Psychological medicine is an interesting way to describe an attractive field (Lloyd & Mayou, 2003). The patients are generally interesting and engaging, the work is usually consensual and professionally rewarding. However, when mental health services are attached to general hospitals, liaison psychiatry is merely one of an array of specialties competing for funds. Commissioners may find that more acute, high-profile services that are better supported by the public take priority when it comes to the annual funding round.
A failure to secure sufficient funds in this situation can lead to psychiatric wards and facilities appearing neglected and shabby compared with general medical wards in the same hospital. When coupled with a staff that is liable to feel undervalued, the quality of care can suffer and the stigma of mental illness is compounded.
The appearance of specialist trusts in many different areas of medicine should allow the strategic, systematic development of a comprehensive range of specialist services. Lloyd & Mayou should welcome the opportunity to develop their field in such a focused setting along with other psychiatrists with different interests. By seeking to ‘make itself [liaison psychiatry] more acceptable to medical colleagues’ they could be distancing themselves from the ‘psychotic patients [historically] housed in large asylums’. These are the very patients that suffer the greatest amount of stigma and social exclusion, that form the bulk of most psychiatrists’ case-loads and that are the least visible to general hospitals.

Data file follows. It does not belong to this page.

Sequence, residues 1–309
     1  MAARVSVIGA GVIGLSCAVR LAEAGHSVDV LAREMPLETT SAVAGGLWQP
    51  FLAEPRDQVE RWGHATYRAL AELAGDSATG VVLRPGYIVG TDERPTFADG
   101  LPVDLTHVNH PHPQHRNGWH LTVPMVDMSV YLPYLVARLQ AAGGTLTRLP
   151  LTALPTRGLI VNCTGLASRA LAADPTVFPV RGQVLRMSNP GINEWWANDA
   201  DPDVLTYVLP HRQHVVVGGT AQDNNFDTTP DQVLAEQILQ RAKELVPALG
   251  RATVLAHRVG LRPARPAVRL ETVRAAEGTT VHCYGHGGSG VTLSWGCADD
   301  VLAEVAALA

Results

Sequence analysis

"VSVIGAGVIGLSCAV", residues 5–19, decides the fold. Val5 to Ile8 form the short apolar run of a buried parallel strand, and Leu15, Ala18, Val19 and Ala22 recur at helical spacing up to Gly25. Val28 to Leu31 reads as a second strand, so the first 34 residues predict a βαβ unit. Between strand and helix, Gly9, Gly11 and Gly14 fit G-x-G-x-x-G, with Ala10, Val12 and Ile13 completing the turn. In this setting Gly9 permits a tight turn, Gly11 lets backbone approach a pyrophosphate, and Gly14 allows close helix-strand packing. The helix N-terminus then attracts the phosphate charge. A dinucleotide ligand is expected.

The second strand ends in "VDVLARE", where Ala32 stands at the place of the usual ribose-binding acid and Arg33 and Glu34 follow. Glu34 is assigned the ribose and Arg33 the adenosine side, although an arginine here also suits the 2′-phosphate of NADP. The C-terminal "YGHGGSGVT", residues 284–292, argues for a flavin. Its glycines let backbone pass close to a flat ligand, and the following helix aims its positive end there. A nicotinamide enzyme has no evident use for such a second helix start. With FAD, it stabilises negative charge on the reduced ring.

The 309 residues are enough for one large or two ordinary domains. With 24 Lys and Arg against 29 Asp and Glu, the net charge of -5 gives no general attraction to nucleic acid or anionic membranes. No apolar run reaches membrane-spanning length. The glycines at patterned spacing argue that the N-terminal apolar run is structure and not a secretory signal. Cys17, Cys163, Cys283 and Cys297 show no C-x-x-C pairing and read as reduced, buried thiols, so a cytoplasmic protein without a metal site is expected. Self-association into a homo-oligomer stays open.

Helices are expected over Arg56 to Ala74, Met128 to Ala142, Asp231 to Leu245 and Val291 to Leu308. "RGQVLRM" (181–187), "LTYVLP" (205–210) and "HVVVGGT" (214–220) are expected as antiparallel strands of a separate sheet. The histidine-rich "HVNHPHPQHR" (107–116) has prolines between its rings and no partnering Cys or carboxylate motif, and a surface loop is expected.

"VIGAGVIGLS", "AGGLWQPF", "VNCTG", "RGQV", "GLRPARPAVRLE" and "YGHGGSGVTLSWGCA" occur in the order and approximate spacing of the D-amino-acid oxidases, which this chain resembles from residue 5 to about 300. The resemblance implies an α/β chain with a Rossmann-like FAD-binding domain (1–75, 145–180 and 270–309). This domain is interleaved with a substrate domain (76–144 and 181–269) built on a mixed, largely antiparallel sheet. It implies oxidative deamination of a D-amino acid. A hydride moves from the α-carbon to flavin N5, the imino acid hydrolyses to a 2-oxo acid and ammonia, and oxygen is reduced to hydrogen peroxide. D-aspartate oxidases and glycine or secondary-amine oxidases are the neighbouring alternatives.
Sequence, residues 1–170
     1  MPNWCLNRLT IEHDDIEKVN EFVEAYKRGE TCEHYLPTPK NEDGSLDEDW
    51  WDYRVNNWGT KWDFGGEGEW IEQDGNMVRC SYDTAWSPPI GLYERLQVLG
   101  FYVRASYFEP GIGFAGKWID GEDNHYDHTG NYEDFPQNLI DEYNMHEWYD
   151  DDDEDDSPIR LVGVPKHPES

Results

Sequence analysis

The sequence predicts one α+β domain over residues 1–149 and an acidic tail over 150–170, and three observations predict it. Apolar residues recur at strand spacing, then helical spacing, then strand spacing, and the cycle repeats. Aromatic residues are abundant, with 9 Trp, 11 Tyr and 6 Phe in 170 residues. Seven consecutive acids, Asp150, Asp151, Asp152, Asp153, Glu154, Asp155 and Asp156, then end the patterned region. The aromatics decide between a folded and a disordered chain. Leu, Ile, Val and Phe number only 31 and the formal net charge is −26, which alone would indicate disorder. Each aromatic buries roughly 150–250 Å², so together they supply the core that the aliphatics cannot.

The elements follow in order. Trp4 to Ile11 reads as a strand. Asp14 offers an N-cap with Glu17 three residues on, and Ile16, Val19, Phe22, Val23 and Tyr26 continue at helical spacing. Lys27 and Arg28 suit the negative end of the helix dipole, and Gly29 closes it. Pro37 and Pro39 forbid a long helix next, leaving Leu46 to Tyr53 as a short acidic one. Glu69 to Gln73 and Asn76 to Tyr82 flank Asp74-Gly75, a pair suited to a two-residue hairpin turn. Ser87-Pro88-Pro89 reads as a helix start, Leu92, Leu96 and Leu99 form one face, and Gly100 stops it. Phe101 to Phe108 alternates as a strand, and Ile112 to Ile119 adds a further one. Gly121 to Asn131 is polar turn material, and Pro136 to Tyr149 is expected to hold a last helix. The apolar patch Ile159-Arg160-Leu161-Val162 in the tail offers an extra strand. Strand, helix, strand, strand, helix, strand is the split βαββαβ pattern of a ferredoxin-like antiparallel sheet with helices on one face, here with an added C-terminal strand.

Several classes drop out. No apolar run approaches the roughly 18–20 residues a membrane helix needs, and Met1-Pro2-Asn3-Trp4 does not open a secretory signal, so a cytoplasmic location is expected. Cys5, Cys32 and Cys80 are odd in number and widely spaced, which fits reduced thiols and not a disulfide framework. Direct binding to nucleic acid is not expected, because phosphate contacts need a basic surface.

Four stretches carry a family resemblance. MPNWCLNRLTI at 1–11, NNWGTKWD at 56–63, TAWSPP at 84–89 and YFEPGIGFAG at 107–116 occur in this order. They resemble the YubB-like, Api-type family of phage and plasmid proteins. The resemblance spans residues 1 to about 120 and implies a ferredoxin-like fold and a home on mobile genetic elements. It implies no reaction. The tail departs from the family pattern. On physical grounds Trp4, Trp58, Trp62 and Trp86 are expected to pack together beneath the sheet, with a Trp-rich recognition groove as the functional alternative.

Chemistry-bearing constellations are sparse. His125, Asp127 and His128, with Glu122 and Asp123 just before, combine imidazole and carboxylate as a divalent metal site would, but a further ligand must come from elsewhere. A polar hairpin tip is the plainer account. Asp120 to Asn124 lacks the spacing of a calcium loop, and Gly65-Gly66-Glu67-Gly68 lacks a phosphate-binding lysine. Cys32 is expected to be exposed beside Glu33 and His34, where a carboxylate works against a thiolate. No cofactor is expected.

All psychiatrists should have the opportunity to develop their skills by caring for this group of patients as part of their training. It would be a pity if the views of Lloyd & Mayou were taken to their logical conclusion and ‘psychological medicine’ divorced itself from mainstream psychiatry and sought to become recognised as a sub-specialty with our esteemed colleagues at the Royal College of Physicians.
EDITED BY STANLEY ZAMMIT